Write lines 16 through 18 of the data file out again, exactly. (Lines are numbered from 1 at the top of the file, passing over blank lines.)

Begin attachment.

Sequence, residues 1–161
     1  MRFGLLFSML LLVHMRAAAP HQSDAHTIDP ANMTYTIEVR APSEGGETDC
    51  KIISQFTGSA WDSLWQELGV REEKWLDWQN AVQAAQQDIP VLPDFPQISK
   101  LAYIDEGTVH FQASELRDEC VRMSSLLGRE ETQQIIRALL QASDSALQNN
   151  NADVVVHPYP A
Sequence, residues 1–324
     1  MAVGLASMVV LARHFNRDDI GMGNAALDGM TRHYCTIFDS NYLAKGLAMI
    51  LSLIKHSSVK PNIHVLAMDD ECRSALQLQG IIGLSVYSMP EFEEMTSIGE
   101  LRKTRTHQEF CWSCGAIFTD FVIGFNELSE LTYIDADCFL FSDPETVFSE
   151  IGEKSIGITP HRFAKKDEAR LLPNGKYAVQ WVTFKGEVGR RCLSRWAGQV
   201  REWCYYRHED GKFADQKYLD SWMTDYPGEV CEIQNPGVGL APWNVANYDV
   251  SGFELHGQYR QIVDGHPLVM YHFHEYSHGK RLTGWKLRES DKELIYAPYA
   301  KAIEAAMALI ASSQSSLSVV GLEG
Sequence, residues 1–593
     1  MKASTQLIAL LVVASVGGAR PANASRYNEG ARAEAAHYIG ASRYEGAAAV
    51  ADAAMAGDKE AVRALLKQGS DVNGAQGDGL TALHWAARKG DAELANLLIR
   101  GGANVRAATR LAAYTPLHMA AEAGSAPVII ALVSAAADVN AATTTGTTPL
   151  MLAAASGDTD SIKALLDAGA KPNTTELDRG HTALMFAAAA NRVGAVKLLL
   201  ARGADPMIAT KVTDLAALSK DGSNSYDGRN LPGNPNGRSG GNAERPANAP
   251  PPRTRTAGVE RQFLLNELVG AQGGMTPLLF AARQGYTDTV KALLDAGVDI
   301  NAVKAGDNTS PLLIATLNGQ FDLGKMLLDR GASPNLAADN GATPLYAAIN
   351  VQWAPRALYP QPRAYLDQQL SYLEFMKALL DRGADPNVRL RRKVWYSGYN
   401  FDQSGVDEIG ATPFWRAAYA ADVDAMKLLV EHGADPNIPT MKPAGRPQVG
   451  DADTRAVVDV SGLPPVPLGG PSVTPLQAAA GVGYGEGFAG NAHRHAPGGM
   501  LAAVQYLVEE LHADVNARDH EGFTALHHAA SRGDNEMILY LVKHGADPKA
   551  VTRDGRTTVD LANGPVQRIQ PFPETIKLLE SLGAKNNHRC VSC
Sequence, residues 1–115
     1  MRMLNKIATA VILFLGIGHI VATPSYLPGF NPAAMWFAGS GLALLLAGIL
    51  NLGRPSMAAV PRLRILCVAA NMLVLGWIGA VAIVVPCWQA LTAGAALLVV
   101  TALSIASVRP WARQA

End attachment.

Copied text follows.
    51  ADAAMAGDKE AVRALLKQGS DVNGAQGDGL TALHWAARKG DAELANLLIR
   101  GGANVRAATR LAAYTPLHMA AEAGSAPVII ALVSAAADVN AATTTGTTPL
   151  MLAAASGDTD SIKALLDAGA KPNTTELDRG HTALMFAAAA NRVGAVKLLL